Inasmuch as the evidence of record leads inexorably to the conclusion that the record does not support a finding that resumption of dumping of pure magnesium is probable if the order were revoked, the Panel remands with instructions to revoke the antidumping order. The Panel has authority to issue such instructions,47 and concludes that a remand for further consideration is unnecessary here since Commerce has displayed an unwillingness to satisfactorily undertake its obligations to conduct a full and complete review.48
This Panel's second remand further instructed Commerce to reconsider whether the normal preference for the investigation rate should not be followed here. The Department's response to this instruction was as follows:
This conclusion is inconsistent with the Panel's findings and conclusions in Part C of this opinion. However, it is not necessary to reach this issue because of our decision to order that this proceeding be sunsetted.
III. CONCLUSION AND DETERMINATION BY THE PANEL
Substantial evidence on record does not support the Department's conclusion that resumption of dumping is likely if the antidumping order on pure magnesium were revoked. The record reflects evidence that after the antidumping order was issued, NHCI changed its strategy to focus on alloy magnesium and entered into long-term alloy magnesium contracts. The one investment by NHCI, completed subsequent to the order date, was for production of alloy magnesium and was said to be consistent with its long-term alloy magnesium strategy. (A companion investment for a recycling facility could equally be for pure or alloy magnesium.) There was no evidence that sales of pure magnesium at dumped prices would be more attractive to NHCI than continuing sales of alloy magnesium to the U.S. market, a market which Commerce found to be growing. Without such evidence, it is arbitrary to conclude that NHCI would abandon its alloy magnesium business plan in favor of a strategy of dumping pure magnesium to regain market share. For these reasons, we conclude that the record does not contain sufficient evidence to support the conclusion that resumption of dumping of pure magnesium is likely if the order were revoked. The Panel remands with instructions to revoke the antidumping order.
April 28, 2003
ARTICLE 1904 BINATIONAL PANEL REVIEW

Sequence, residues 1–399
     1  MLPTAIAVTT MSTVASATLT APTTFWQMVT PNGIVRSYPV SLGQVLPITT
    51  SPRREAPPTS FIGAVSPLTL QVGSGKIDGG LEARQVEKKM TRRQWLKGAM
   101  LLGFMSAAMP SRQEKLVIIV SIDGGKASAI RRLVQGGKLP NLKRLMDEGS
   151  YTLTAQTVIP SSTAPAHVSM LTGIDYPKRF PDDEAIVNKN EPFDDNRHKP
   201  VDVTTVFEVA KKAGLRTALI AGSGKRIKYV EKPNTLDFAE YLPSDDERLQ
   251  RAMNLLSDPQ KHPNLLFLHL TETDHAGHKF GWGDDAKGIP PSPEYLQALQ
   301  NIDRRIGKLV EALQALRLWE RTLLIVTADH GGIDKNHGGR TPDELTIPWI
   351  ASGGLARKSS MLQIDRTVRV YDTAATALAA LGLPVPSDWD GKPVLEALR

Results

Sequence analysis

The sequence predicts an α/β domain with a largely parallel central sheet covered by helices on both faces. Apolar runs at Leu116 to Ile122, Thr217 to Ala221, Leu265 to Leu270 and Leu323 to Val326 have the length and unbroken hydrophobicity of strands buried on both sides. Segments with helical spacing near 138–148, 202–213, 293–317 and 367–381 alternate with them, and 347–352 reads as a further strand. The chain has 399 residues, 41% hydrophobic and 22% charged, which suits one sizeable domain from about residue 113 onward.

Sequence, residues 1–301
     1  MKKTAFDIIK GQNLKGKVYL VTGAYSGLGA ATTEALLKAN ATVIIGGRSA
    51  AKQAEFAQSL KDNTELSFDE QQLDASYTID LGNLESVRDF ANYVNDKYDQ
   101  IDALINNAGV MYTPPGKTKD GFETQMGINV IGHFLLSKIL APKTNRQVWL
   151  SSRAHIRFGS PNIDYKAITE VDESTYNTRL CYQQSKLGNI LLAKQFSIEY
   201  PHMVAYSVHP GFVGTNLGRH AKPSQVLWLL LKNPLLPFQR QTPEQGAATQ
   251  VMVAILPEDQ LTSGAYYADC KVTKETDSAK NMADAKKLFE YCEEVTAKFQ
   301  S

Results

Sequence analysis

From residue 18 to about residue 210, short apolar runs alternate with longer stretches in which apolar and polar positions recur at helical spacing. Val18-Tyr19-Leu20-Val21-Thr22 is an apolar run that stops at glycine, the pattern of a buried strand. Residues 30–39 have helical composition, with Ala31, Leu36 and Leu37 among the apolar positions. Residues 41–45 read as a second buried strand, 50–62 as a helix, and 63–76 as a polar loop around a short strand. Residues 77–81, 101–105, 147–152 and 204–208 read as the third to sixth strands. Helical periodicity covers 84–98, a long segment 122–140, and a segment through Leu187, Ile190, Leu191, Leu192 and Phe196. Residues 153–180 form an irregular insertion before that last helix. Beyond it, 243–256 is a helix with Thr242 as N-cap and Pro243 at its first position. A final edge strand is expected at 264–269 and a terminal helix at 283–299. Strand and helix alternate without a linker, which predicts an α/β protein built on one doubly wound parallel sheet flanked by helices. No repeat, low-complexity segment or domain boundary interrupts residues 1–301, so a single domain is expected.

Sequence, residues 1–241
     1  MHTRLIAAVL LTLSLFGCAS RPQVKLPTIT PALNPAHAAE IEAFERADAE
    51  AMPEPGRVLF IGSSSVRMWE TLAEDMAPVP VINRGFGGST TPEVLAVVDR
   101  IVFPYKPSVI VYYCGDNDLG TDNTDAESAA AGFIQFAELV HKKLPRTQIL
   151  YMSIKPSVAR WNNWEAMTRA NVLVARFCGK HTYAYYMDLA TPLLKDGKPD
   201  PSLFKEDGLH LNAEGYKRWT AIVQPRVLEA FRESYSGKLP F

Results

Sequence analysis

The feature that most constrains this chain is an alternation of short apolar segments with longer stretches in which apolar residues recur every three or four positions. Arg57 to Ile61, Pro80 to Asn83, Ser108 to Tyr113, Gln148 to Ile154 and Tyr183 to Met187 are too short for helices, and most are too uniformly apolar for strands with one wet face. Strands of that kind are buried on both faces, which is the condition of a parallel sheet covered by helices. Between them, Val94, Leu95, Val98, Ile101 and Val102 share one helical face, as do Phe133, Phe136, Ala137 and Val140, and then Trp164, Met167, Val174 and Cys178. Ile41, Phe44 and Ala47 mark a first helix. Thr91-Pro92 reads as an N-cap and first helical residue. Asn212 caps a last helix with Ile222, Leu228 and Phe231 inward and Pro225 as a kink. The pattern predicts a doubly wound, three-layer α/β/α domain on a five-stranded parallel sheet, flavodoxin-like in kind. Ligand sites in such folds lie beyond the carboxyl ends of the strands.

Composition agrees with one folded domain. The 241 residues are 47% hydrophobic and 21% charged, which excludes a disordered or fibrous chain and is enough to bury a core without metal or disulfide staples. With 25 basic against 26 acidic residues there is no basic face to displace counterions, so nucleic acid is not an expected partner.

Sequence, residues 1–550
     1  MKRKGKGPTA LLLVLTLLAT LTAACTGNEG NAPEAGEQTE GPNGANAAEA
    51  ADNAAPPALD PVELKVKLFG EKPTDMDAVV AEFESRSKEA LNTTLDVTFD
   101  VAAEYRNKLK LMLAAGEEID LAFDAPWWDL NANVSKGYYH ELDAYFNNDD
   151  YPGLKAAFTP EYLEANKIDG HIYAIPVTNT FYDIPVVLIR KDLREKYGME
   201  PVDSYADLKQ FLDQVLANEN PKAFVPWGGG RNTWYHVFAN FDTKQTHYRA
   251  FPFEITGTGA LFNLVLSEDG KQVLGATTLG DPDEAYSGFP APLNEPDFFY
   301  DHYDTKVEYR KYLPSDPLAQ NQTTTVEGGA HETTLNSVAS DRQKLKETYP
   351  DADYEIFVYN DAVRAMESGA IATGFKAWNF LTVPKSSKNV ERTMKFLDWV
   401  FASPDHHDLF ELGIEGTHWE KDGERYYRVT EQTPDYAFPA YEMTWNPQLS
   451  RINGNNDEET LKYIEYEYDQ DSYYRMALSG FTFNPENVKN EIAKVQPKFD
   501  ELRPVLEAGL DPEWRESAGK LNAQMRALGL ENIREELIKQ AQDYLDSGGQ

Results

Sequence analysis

Pursuant to the Panel decision on April 28, 2003, it is ORDERED that the Department of Commerce revoke the antidumping order concerning pure and alloy magnesium from Canada.
ISSUED ON April 28, 2003
ARTICLE 1904 BINATIONAL PANEL REVIEW
Pursuant to Section 75 of the NAFTA Rules, the Panel has determined that a modification of the Decision and Order of April 28, 2003, is warranted to correct an error arising from an accidental oversight, inaccuracy or omission. Accordingly, the Panel hereby modifies the Panel's Decision and Order issued April 28, 2003 as follows:
ISSUED ON JUNE 24, 2003
1 See Decision of the Panel Concerning the Remand Determination by the Department of Commerce (Oct. 15, 2002) (“Second Remand”).
2 19 U.S.C. § 1516a(b)(1)(B) (2003).
3 Second Remand at 11-12.
4 19 C.F.R. §351.218(d)(4) (2003) states: "[T]he Secretary normally will not accept or consider any additional information from a party after the time for filing rebuttals has expired, unless the Secretary requests additional information from parties after determining to proceed to a full sunset review…."
5 Second Redetermination at 6 (emphasis added).
6 See Hoogovens Staal BV v. United States, 4 F. Supp. 2d 1213, 1219 (CIT 1998) ("As a general rule, an administrative agency must articulate the reasons supporting its decision, enabling the court to review whether the agency acted arbitrarily.") quoting Shieldalloy Metallurgical Corp. v. United States, 947 F. Supp. 525, 529 (CIT 1996).
7 AG der Dillinger Huttenwerke v. United States, 193 F. Supp. 2d 1339 (CIT 2002). "The court finds that Commerce did not fulfill its obligations pursuant to a full sunset review because it failed … to seek additional evidence necessary to make its determination." Id. at 1348.
8 Second Redetermination at 6.
9 Second Remand at 7-10.
10 Brief of the Department of Commerce, at 4 (Mar. 19, 2003).
11 Barron's Law Dictionary 169 (3d ed. 1991).
12 19 C.F.R. § 351.303(g) (2003).
13 See 18 U.S.C. § 1001 (2003).
14 Second Redetermination at 9.
16 The arguendo assumption is further flawed because it is limited to the existence of long-term contracts and fails to take into account the evidence of NHCI’s decision to concentrate on the alloy market in the United States.
17 Second Redetermination at 10 (emphasis deleted), citing Pure Magnesium From Canada, 64 Fed Reg. 12977, 12980 (Mar. 16, 1999) (admin. rev., final).
18 Id. at 11 (emphasis deleted), citing Pure Magnesium From Canada, 63 Fed. Reg. 26147, 26149 (May 12, 1998) (admin. rev., prelim.).
20 Id., citing Pure Magnesium From Canada, 64 Fed. Reg. 12977, 12980 (Mar. 16, 1999) (admin. rev., final).
21 Id. at 10.
22 Id. at 11, citing Magcorp's Rebuttal Brief, at 12 (Apr. 12, 2000).
23 Id. at 11-12, citing Magcorps's Substantive Response, at 23-25 (Sept. 1, 1999).
24 Id. at 12.
27 Id. at 12-13.
28 Id. at 13.
29 Second Redetermination at 10.
30 Id. Indeed, NHCI still sells small quantities of pure magnesium in the U.S. market. Id. at 12.
31 Second Redetermination at 11.
32 Second Redetermination at 10, citing Pure Magnesium, 63 Fed. Reg. at 26149.
33 Id. at 12-13.
34 Id. at 11.
35 Second Remand at 9-10.
36 Id. at 10.
38 Second Redetermination at 11-12.
39 Id. at 12.
40 Id. referencing the Panel’s Second Remand at 9.
41 Id. at 12.
42 See Rule 73(b)(2) Challenge of NHCI at 16, Fn. 9.
43 Magcorp's Substantive Response, at Exhibit 10.
44 Second Redetermination at 12.
45 Id. at 12-13.
46 First Remand at 27.
47 See, e.g. Nippon Steel Corp. v. United States, 223 F. Supp. 2d 1349 (CIT 2002).
48 Usinor v. United States, Consol. Ct. No. 01-00010, Slip Op. 02-70 (CIT July 19, 2002).